Out of the Ashes of 70s Fame Rose Solo Acts of the 80s

The idea of being super started to take over by the late 70s. It was not just for comic book heroes, expanded grocery stores or the Concorde. It was one thing to be successful but to be considered a superstar raised you to another strata few had ever been. Whatever feelings of invincibility one felt they were just as soon matched with time pressures, fan burdens, company managers and egos so out of control that by the end of the decade, a lot of these groups crashed and burned or at the very least didn’t want to be around each other anymore.

By 1980, The Eagles, Steely Dan, and the Doobie Brothers put out their last recorded output for a while as some of the members of those bands decided to explore other musical avenues. (Fleetwood Mac needed a similar break, and after recharging the batteries they would get back together from time to time.)

Luckily for us fans we ended up with more music than before. The Eagles would get back together 14 years later with Hell Freezes Over. The Doobie Brothers would only need 9 years until Cycles, but Michael McDonald never rejoined the band. And even though Steely Dan started touring again in the mid-90s after a multi decade drought of concerts, it would be a solid 20 years for their next album, Two Against Nature, which won a Grammy for Album of The Year. Good things come to those who wait….

Here’s a montage of 1980s West Coast solo acts spawned from popular 70s bands:

The Story Behind Toto’s 99


The first single from Toto’s second album, Hydra, in 1979, was the band’s second Top 40 hit when it peaked at #26 in early 1980. Written by David Paich, this soft yet funky keyboard-driven jam featured lead vocals by Steve Lukather and a very jazzy solo on the outro by him.

Many have wondered what the title refers to. Some say that someone in the band had been dating Barbara Feldon – Agent 99 on Get Smart – and it was written about her. That turned out to be not true. [Coincidentally, Barbara Feldon released a 45 in 1966 called 99.] Some say that 99 is about a girl who’s almost perfect but is not quite 100. Again, false. And it’s not about Wayne Gretzky either. Or the number of beer bottles on the wall.

David Paich actually wrote the song as a tribute to George Lucas’ first film, THX-1138This film takes place many centuries in the future where people live in a totalitarian state and are referred to by number. Thus it’s a love song to someone imagined in the world with the number 99. Why 99? (Two more Top 40 songs in the 1980s would have 99 in them – Prince’s 1999 and Nena’s 99 Luftballons.) It probably just sounds right.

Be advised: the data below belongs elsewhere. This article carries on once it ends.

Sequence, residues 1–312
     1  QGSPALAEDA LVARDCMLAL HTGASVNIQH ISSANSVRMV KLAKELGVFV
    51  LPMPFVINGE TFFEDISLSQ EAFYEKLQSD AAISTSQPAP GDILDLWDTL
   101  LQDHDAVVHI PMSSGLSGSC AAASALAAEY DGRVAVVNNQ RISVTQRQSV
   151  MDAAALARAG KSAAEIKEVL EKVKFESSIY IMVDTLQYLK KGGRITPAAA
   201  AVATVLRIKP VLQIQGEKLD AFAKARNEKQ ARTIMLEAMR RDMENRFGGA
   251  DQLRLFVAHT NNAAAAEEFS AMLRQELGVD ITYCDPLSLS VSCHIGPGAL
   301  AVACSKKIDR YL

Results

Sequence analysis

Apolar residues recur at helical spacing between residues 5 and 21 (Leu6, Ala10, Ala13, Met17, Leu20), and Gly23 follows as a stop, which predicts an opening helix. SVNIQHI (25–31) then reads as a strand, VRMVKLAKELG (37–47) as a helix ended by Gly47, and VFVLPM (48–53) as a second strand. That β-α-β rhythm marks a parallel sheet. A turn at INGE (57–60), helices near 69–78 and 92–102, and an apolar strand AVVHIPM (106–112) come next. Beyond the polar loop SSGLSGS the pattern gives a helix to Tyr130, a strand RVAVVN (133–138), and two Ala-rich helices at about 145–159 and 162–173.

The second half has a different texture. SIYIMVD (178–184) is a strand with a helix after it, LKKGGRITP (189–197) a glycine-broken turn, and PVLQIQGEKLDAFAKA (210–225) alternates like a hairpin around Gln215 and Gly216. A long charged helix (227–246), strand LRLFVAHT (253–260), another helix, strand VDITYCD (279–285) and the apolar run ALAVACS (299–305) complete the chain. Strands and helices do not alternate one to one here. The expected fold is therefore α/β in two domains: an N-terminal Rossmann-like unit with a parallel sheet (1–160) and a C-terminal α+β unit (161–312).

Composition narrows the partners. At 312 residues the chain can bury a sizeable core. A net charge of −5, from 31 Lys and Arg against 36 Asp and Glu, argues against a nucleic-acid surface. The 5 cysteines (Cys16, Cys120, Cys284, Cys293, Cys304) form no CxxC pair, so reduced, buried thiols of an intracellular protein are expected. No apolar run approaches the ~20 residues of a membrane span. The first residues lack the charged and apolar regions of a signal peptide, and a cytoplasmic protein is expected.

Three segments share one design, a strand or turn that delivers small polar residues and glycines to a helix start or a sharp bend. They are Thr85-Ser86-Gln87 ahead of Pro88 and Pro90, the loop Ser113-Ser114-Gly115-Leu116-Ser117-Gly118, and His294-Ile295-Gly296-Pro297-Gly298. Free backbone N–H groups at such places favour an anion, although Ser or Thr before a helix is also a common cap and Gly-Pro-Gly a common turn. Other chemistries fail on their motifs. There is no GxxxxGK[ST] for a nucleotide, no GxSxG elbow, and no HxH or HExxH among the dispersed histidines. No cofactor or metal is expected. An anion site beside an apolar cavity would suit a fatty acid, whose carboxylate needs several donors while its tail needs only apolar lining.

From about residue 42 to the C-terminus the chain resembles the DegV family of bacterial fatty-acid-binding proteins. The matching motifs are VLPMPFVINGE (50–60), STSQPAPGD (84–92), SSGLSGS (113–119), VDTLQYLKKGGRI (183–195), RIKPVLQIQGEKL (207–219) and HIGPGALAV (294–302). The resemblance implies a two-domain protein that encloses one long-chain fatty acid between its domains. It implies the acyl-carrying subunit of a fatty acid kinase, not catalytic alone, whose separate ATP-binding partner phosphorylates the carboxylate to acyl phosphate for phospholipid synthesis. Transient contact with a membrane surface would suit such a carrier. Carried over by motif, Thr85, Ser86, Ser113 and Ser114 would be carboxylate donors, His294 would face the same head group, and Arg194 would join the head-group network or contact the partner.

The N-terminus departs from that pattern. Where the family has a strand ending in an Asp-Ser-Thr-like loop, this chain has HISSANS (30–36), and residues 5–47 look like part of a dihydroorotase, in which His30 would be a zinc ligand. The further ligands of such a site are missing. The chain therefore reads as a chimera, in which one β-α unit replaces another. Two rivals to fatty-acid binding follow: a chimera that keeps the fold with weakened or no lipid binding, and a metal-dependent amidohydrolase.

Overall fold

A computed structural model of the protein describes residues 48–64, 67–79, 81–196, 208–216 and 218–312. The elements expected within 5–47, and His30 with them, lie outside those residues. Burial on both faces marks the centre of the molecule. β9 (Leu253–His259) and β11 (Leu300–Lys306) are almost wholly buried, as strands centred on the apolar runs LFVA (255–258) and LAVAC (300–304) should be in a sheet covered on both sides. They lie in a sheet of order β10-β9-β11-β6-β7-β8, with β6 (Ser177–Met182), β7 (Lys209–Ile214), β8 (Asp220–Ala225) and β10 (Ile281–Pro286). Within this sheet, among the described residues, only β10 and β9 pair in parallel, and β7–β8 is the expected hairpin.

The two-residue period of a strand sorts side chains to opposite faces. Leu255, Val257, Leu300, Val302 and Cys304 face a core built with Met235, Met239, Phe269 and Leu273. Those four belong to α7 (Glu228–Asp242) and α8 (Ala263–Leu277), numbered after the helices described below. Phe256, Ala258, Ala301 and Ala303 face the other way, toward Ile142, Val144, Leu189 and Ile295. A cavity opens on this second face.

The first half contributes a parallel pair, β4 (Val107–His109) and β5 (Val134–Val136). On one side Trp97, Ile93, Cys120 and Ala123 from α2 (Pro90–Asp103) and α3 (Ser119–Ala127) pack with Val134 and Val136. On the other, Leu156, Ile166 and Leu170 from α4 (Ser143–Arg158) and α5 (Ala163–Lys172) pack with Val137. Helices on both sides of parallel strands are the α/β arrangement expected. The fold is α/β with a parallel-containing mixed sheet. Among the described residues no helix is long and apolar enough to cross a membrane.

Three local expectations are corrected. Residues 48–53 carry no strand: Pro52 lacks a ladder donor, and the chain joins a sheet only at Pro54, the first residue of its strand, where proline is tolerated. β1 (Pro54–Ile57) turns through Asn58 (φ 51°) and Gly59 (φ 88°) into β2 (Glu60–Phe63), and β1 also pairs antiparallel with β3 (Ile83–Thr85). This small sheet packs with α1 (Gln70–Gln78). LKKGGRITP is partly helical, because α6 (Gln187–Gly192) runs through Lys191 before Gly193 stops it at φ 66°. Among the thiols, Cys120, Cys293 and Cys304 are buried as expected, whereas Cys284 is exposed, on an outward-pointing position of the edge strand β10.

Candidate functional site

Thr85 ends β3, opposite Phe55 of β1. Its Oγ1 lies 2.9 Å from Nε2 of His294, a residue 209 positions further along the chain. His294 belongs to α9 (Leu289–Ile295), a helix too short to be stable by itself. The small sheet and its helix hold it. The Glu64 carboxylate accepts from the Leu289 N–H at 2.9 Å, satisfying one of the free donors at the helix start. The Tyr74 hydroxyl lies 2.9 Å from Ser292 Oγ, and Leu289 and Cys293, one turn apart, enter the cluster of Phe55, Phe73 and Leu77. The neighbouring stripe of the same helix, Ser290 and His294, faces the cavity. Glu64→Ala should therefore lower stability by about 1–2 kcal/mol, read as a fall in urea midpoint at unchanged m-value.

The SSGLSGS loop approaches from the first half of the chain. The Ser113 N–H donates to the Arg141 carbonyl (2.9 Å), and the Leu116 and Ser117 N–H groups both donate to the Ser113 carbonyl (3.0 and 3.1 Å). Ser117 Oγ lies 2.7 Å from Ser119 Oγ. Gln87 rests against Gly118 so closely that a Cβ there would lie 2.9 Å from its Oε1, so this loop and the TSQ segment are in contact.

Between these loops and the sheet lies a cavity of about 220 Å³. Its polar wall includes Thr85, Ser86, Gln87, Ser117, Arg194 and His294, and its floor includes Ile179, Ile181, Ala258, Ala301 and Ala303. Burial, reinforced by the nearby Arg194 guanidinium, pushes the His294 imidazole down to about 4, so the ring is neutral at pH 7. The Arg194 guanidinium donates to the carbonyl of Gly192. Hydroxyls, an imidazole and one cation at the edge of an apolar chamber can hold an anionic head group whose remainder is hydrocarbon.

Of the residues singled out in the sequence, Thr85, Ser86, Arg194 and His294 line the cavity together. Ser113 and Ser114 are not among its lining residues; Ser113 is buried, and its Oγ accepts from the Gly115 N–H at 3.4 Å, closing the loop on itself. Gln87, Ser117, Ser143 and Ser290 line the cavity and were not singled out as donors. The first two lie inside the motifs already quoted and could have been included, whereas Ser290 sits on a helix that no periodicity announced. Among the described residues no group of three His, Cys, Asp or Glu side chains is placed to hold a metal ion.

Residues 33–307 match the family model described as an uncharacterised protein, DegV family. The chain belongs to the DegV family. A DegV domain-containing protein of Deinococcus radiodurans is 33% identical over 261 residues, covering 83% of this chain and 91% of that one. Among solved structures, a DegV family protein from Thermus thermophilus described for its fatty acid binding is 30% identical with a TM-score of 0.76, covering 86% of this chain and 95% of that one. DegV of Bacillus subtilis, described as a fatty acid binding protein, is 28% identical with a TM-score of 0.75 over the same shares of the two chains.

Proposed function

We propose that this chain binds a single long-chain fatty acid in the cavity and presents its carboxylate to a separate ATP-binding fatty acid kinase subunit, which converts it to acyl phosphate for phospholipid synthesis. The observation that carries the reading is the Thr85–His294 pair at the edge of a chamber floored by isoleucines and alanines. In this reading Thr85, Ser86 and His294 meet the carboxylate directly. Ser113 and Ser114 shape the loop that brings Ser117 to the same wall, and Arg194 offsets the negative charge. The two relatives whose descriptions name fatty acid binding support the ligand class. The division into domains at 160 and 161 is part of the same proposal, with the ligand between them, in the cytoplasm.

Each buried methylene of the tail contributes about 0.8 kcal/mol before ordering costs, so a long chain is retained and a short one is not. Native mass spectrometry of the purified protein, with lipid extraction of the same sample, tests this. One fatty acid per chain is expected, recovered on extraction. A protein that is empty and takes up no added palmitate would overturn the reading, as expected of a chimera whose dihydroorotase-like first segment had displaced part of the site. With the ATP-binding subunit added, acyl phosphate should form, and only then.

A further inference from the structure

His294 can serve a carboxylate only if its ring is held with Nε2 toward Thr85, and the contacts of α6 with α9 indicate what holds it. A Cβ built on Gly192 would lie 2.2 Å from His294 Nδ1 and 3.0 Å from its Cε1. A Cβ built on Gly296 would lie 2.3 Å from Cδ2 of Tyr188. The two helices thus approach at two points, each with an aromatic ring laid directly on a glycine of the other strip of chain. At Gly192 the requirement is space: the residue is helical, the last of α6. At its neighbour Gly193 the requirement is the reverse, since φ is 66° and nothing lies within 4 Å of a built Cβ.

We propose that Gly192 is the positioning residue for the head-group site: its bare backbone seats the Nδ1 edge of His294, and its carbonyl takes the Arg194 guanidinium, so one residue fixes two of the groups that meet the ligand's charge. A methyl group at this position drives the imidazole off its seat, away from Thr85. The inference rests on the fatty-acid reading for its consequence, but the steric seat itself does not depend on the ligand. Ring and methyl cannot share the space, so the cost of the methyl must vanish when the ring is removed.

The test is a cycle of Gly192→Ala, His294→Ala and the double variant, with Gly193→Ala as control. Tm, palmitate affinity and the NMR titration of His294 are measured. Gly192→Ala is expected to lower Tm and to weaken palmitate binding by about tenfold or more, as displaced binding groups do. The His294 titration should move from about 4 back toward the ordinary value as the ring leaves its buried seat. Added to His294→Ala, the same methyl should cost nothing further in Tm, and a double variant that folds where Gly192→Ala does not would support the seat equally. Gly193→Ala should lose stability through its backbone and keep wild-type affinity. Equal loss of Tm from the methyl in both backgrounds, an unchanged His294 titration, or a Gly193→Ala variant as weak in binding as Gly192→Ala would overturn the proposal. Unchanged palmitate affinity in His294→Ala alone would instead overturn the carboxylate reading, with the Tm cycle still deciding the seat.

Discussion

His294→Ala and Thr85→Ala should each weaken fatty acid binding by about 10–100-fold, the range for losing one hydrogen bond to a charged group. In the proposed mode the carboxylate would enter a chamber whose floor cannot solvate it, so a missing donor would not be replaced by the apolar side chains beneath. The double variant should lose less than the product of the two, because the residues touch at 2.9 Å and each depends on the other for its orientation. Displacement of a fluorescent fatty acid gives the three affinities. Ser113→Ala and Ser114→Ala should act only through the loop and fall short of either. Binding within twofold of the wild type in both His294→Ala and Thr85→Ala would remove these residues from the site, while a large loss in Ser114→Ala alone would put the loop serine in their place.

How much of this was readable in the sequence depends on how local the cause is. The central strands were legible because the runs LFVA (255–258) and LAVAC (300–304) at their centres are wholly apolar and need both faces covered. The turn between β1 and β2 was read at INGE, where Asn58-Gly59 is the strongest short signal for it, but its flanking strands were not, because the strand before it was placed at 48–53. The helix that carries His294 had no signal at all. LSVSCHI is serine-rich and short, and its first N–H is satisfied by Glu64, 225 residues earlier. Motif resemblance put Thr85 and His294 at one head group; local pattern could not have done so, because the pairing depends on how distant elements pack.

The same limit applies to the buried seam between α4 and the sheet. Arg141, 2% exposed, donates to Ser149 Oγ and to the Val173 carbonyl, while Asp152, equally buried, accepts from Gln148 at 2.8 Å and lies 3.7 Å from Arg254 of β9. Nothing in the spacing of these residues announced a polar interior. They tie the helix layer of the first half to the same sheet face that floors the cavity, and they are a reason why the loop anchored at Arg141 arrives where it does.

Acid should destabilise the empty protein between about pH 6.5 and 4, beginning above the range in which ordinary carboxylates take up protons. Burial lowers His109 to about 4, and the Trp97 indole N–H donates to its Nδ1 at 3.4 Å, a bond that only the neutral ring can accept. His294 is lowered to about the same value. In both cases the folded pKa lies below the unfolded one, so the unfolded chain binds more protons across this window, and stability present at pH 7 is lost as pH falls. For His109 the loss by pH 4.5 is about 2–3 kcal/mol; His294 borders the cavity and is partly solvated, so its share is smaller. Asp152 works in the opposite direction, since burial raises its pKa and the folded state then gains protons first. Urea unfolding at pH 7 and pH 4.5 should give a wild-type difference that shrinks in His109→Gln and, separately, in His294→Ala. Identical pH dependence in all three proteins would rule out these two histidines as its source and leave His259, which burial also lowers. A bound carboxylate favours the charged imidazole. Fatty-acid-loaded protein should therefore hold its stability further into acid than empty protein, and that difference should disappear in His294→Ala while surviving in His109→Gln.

Toto didn’t play the song live for many years, mainly because Luke didn’t like it all that much. As it peaked in the Winter of 79-80, I personally enjoyed hearing it on the radio. When it came on, I felt it breathing life into me as I stared out through frosted windows at the cold, dreary skies and leafless trees.

The song’s video reflects the film that inspired it by everyone wearing white jumpsuits with the lens a tinge out of focus. I think most videos back then were made for $20 and took 30 minutes to film. Check it out for yourself:

Does Anything Last Forever?

I don’t know. But one thing that has lasted a very long time is the career of Michael McDonald. Since his early days with Del-Rays, Michael has been entertaining folks for almost 50 years. So let’s celebrate the birthday of one of our true national treasures with a deep cut from his first solo LP in 1982, If That’s What It Takes:

And here’s Michael and Kenny singing a big hit they wrote together:

Measuring the Silk Degrees with Boz Scaggs


Boz Scaggs had been playing music for a long time before he became a household name. He played with Steve Miller after meeting him as a teenager in a private school in Texas in the late 50s, the same place where he got his nickname ‘Boz’. He recorded his first album in 1965 after a gigging stint in Sweden, then came back around to play with the Steve Miller Band in the late 60s. He then recorded his 2nd solo album with the Muscle Shoals rhythm section in 1969 which included a blossoming session guitarist, Duane Allman, who contributed a legendary solo on Loan Me A Dime.